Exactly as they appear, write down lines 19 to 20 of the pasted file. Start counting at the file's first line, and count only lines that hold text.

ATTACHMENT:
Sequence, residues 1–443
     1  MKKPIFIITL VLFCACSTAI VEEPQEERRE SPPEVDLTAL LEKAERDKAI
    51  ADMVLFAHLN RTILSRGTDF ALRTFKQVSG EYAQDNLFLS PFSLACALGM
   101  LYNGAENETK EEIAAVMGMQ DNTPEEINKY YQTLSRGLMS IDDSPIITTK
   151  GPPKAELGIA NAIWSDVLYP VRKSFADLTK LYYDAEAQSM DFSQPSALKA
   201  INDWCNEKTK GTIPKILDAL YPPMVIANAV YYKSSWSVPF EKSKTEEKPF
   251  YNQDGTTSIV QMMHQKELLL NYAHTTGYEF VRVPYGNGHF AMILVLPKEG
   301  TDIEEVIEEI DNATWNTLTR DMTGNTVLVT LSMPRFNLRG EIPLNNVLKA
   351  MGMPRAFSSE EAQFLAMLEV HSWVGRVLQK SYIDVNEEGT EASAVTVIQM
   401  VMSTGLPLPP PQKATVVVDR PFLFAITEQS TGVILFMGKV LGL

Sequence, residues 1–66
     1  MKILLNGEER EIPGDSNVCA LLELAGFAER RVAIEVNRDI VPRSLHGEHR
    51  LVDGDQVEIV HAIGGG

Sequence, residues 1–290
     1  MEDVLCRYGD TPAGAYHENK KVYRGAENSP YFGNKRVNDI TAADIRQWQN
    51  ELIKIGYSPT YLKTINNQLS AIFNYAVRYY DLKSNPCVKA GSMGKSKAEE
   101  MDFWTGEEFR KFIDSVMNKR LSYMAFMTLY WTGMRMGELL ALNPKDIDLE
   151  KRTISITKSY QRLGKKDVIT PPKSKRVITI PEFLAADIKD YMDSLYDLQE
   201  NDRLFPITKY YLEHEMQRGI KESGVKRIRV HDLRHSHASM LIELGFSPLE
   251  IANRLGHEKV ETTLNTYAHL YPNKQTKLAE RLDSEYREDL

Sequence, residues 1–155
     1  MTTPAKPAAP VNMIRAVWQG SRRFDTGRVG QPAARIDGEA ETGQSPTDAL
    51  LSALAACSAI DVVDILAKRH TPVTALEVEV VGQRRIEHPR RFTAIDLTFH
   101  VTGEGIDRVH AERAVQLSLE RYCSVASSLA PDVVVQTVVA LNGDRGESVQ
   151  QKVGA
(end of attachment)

   201  NDRLFPITKY YLEHEMQRGI KESGVKRIRV HDLRHSHASM LIELGFSPLE
   251  IANRLGHEKV ETTLNTYAHL YPNKQTKLAE RLDSEYREDL